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  • Tate Etc. issue 29 (Autumn 2013)

    Tate Etc. issue 29 (Autumn 2013)

  • Tate Etc. issue 29 (Autumn 2013) - Margaret Harrison

    Tate Etc. issue 29 – Margaret Harrison

  • Tate Etc. issue 29 (Autumn 2013) - Art Turning Left

    Tate Etc. issue 29 – Art Turning Left

  • Tate Etc. issue 29 (Autumn 2013) - Art Under Attack

    Tate Etc. issue 29 – Art Under Attack

  • Tate Etc. issue 29 (Autumn 2013) - Aquatopia

    Tate Etc. issue 29 - Aquatopia

Editors’ note

Artist voices have always been at the heart of Tate Etc. magazine’s editorial content, and this issue is no exception. To celebrate the comprehensive rehang of the national collection of British art at Tate Britain, as well as the architects Caruso St John’s ancipated transformation of the oldest part of the Grade II Millbank building, we invited 24 artists from across the world to write about a work of British art from the past 500 years currently on display at Tate Britain that has inspired or influenced them.

We purposefully cast a wide net to show how extensive and far-reaching is the cultural exchange among contemporary artists, as our contributors from countries including Ethiopia, Turkey, China, Brazil, India, Japan and Nigeria reveal. And many of their choices reflect their deeply felt connections with their fellow artists.

The Cuban Carmen Herrera has long admired how ‘only that which is necessary remains’ in Ben Nicholson’s paintings (which she first saw in 1949). Both Iranian Shirana Shahbazi and American Raphael Montanez Ortiz are mesmerised by J.M.W. Turner’s Colour Trials sketches, the abstract nature of which has similarly been appreciated by Chinese artist Liu Xiaodong. For some, the Tate works have acted as triggers for personal memories. Takesada Matsutani relates his experience of the 1995 earthquake in Kobe, Japan, to John Martin’s The Great Day of His Wrath 1851–3, while Alexander Apóstol takes Christopher Wood’s surreal painting of a zebra set against the backdrop of a concrete building (Zebra and Parachute 1930) to reflect on the suggestive power of the ‘tropical modernity’ of his Venezuelan urban upbringing to change the way he now looks at the world.

You will also find this wonderfully rich mix of voices in our iPad app that contains extra filmed interviews with artists, photography slideshows and much more – all of which is free to download for all Tate Members. We hope you enjoy both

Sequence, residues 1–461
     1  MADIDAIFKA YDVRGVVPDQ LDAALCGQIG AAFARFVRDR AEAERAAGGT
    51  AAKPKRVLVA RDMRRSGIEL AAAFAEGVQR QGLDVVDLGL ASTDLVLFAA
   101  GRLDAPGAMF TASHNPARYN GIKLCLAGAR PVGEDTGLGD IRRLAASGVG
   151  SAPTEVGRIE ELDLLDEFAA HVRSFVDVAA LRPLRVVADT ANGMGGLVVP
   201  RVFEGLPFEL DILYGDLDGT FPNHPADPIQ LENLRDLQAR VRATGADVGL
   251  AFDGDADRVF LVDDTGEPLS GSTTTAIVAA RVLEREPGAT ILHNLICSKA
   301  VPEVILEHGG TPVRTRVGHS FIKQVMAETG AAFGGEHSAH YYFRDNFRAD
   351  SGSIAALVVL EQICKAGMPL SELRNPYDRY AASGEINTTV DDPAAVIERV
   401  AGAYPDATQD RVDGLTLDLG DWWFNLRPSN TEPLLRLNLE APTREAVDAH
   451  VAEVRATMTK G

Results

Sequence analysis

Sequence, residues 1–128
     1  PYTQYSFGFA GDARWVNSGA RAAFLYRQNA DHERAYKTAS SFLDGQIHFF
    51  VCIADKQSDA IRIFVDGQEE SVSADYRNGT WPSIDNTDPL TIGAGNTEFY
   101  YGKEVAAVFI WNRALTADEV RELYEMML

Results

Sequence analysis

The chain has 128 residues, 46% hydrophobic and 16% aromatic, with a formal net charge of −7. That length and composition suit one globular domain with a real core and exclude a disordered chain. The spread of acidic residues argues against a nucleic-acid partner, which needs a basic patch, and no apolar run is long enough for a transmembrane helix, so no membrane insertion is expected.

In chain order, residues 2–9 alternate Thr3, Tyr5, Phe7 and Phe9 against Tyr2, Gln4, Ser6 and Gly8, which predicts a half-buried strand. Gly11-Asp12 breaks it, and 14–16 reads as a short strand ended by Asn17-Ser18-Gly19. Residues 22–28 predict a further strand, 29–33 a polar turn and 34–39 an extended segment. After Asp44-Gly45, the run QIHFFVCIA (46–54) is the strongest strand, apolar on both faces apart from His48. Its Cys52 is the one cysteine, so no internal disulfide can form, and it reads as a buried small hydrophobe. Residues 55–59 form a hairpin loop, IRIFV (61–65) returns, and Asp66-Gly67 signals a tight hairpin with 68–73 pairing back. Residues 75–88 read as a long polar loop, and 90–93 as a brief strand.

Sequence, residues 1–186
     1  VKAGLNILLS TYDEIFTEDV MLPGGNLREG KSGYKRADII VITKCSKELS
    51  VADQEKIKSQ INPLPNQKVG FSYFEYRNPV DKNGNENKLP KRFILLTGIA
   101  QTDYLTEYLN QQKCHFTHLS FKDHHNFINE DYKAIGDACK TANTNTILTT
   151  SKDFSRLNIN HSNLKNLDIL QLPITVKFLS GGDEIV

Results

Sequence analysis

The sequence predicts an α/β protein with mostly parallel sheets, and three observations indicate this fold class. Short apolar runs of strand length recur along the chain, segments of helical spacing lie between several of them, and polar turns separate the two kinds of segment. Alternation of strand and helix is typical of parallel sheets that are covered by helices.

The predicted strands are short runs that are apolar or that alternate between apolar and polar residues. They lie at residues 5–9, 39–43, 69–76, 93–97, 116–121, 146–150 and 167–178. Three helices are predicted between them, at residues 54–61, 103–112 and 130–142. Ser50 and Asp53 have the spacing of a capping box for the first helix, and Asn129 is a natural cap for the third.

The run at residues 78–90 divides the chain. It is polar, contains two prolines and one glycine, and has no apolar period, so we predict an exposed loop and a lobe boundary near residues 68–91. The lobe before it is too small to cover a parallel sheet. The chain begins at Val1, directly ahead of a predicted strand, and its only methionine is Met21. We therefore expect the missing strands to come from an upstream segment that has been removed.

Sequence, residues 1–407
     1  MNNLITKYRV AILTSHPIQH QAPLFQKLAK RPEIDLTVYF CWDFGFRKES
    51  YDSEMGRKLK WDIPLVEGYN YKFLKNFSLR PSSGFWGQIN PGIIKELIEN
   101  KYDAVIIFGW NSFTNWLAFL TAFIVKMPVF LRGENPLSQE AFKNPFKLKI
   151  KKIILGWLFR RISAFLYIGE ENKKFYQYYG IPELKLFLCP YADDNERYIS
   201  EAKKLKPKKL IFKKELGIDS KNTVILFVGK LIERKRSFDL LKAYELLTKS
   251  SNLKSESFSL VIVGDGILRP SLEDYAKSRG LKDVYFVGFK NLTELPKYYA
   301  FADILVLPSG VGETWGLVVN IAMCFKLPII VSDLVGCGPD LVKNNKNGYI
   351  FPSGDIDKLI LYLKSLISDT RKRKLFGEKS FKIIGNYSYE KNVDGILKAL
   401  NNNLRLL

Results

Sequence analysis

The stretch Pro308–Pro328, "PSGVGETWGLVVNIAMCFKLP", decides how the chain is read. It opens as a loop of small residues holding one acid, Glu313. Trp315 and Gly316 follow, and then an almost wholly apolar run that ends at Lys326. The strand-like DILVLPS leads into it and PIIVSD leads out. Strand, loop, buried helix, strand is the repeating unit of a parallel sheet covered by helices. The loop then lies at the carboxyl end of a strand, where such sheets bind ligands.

Bice Curiger and Simon Grant

In this issue

Essay

Etc Essay: Art as Therapy
Alain de Botton

We often have high expectations when we visit a museum of having great experiences with the art we see, but are we approaching it in the wrong way? And do museums give us the right information to guide us on our journey? Writer and philosopher Alain de Botton argues that the therapeutic nature of art can ‘rebalance our characters, recover calm, rediscover hope, expand our capacities for empathy and help us to learn to appreciate the everyday’. Taking four works in Tate Britain’s rehang as a starting point, he shows us how art can ‘reawaken us to the genuine merit of life as we are forced to lead it’

Etc. Essay: Art at the crossroads
Florian Illies

The author of the celebrated book 1913: The Year Before the Storm chooses two works from the Tate collection that reflect the cultural contrasts and complexities of the twelve months leading up to the outbreak of the Great War

Tate Etc. online exclusive

Tate Etc. at Tate Britain / Artists' Perspectives
Liadin Cooke

To celebrate the reopening of Tate Britain, Tate Etc. invited 24 celebrated artists from around the world to write about a work by a British artist from the past 500 years that is currently on display. Here, Liadin Cooke discusses David Des Granges’s The Saltonstall Family c.1636–7

Mira Schendel at Tate Modern
Fernanda Gomes

On the eve of the first international survey of her work, fellow Brazilian artist Fernanda Gomes pays tribute to Mira Schendel

Tate Etc. at Tate Britain / Artists' Perspectives
Haroon Mirza

In celebration of the reopening of Tate Britain, Tate Etc. invited a selection of artists from around the world to choose a favoured work from a fellow artist currently on display. Here, Haroon Mirza discusses Rose Wylie’s Arab and Dancing Girl 2006

Tate Etc. at Tate Britain / Artists' Perspectives
Frank Bowling

In celebration of the reopening of Tate Britain, Tate Etc. invited a selection of artists from around the world to choose a favoured work from a fellow artist currently on display. Here, Frank Bowling discusses John Constable and the British tradition of landscape painting

Tate Etc. at Tate Britain / Artists' Perspectives
Nicholas Hlobo

In celebration of the reopening of Tate Britain, Tate Etc. invited a selection of artists from around the world to choose a favoured work from a fellow artist currently on display. Here, Nicholas Hlobo discusses David Hockney’s A Bigger Splash 1967

Tate Etc. at Tate Britain / Artists' Perspectives
Kishio Suga

In celebration of the reopening of Tate Britain, Tate Etc. invited a selection of artists from around the world to choose a favoured work from a fellow artist currently on display. Here, Japanese artist Kishio Suga discusses Tony Cragg’s Stack 1975

Tate Etc. at Tate Britain / Artists' Perspectives
Otobong Nkanga

In celebration of the reopening of Tate Britain, Tate Etc. invited a selection of artists from around the world to choose a favoured work from a fellow artist currently on display. Here, African artist Otobong Nkanga discusses Anya Gallaccio’s preserve ‘beauty’ 1991–2003

Tate Etc. at Tate Britain / Artists' Perspectives
Aida Muluneh

In celebration of the reopening of Tate Britain, Tate Etc. invited a selection of artists from around the world to choose a favoured work from a fellow artist currently on display. Here, photographer Aida Muluneh reflects on Steve McQueen’s Bear 1993

Tate Etc. at Tate Britain / Artists' Perspectives
Sandra Gamarra

In celebration of the reopening of Tate Britain, Tate Etc. invited a selection of artists from around the world to choose a favoured work from a fellow artist currently on display. Here, Peruvian artist Sandra Gamarra discusses John Simpson’s Head of a Man

Tate Etc. at Tate Britain / Artists' Perspectives
Ed Atkins

In celebration of the reopening of Tate Britain, Tate Etc. invited a selection of artists from around the world to choose a favoured work from a fellow artist currently on display. Here, contemporary artist Ed Atkins reflects on George Frederic Watts’s The Minotaur

Tate Etc. at Tate Britain / Artists' Perspectives
Susan Hiller